You want to know why your book got rejected? Because out there in the dark of night, at 11:35 on a Sunday night when I’m writing a blog to promote myself, promote my brand, and hopefully give a little back to aspiring writers, there’s somebody else who’s working on their craft. Somebody who wants it more than you do. Somebody who’s willing to work harder than you. Somebody who will invest the time and energy into developing their writing ability to something worthy of publishing.

Note that I never mentioned talent until just now. I’ve said this from my senior year of college when I first started directing plays. I don’t give a fuck about talent. Talent doesn’t mean shit. Give me a choice between an A-plus talent with a C-minus work ethic, and a C-minus talent with an A-plus work ethic, and I’ll take the work ethic every time. Fuck talent, get to work.

You like this shit? It’s moving come September. My blog will be more events and fun stories, and my writing advice will be for my Patreon patrons. Because I gotta make a living. My podcast will still be free, and my stuff on Magical Words will still be free, so there’s plenty of ways to get my advice for free. But these blog posts will be patron-only. But they will be available for everyone that pledges $1 or more, so it’s affordable. Go to Patreon to check it out. 

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Writing Rants Episode 1 – Why Your Book or Story Gets Rejected

In this episode, John discusses the Top 5 reasons why your story gets rejected, plus a little about Dragon Con and upcoming events.

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Why I Rejected Your Book, Part 2

Writing Rants Cover Part 1 of this post got a lot of traffic, generated a fair amount of Facebook discussion, pissed some people off, and hopefully was useful to some of you. It also spawned my new podcast, Writing Rants, which is coming soon right to this here web space.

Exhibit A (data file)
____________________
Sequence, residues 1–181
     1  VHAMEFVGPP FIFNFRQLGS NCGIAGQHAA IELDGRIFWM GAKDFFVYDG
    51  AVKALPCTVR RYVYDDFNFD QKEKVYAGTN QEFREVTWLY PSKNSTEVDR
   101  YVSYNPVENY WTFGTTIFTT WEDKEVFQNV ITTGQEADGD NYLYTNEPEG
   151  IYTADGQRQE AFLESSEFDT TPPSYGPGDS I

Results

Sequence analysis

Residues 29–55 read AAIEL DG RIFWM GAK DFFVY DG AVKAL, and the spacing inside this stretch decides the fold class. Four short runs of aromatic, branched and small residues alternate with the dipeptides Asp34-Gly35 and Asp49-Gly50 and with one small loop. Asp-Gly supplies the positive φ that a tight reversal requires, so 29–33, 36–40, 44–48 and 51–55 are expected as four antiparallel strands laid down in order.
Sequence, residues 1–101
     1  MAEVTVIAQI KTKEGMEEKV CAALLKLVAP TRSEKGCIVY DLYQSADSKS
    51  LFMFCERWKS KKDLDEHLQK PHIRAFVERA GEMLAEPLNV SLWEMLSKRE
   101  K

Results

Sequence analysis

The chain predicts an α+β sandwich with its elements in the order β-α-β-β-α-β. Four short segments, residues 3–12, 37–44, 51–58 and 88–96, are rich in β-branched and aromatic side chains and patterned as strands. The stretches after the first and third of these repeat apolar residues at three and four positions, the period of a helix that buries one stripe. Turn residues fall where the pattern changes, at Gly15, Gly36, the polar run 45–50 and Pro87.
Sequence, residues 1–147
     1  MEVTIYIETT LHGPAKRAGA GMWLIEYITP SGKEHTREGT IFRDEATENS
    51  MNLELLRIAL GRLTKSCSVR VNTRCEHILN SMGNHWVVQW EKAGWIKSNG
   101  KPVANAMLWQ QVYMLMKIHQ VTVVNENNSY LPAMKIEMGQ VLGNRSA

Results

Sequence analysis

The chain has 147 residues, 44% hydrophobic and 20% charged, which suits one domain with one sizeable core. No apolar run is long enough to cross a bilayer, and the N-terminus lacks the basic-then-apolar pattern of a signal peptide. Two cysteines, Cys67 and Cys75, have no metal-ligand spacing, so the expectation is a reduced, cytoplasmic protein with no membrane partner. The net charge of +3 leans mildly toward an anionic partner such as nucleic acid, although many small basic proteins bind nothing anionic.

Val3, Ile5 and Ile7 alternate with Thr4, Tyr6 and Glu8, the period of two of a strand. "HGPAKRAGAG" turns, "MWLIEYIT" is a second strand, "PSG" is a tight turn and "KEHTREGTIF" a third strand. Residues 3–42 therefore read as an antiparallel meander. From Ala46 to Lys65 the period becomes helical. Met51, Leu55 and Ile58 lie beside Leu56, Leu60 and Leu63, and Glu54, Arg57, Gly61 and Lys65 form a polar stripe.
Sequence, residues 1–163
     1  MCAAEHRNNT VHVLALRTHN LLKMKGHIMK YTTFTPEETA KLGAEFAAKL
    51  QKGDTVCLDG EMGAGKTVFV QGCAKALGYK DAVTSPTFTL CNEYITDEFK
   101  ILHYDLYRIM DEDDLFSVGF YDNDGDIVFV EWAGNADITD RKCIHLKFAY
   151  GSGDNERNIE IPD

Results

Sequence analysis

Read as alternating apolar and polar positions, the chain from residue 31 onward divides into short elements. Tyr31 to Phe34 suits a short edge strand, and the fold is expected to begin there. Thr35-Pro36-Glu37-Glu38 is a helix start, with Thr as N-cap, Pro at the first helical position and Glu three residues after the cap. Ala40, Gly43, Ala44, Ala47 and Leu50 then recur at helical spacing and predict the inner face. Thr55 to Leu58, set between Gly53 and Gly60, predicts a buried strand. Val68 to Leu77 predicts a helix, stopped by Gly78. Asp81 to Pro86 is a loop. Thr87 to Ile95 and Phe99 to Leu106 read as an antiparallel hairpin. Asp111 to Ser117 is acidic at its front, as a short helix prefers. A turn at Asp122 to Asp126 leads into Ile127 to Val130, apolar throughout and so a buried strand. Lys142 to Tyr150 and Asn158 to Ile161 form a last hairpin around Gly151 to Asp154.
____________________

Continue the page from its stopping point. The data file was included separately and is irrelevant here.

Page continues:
I do want to clarify one thing about these two posts – if you are a multi-published author, most of this isn’t going to apply to you. If you have been working in the business for a while, you get to use adverbs, you get to start a story in the wrong place (#2 on the list – spoiler alert) and you sometimes get to use passive voice. Because you have been working in the field long enough to know how to do those things. Presumably.

But at least you have enough equity built up with editors through your publication history that we (I) are willing to give you a shot. If I know you, if we’ve met at a con and shared a table together, you get a lot more leeway than someone who I know nothing about. If your query letter comes in with a list of half a dozen published novels or a dozen or so published short stories, then I assume that if it starts off oddly, you know what you’re doing, and I’ll give you a little more time than someone who has no credits.

That’s not fair. I know. I also know that it isn’t fair I got cut from my Little League team. Bullshit. It’s totally fair, and it’s fine. I got cut from the team because I was too green and not athletic enough. Why did your story get rejected? Well, let’s continue on to the top two reasons I reject a submission.

#2 – Your story starts in the wrong place – I see this taking two forms. In the first, there are certain beginnings that cliché, or at least cliché for certain genres, and I just don’t want to see them. Here are a few things to avoid when submitting  –

  1. Starting off in a dream – Don’t do it. It’s trite, it’s over done, and very seldom done well. Particularly avoid being clever and tricking the audience into thinking that what’s happening in the dream is actually part of the narrative, then jumping out of the metaphorical closet and yelling “GOTCHA!” it doesn’t make you a clever writer, it makes you a douche. And it makes you unreliable to the readers. Remember that every word you put onto the page is part of your contract with the readers, and if they don’t trust you, they will not be invested in the story.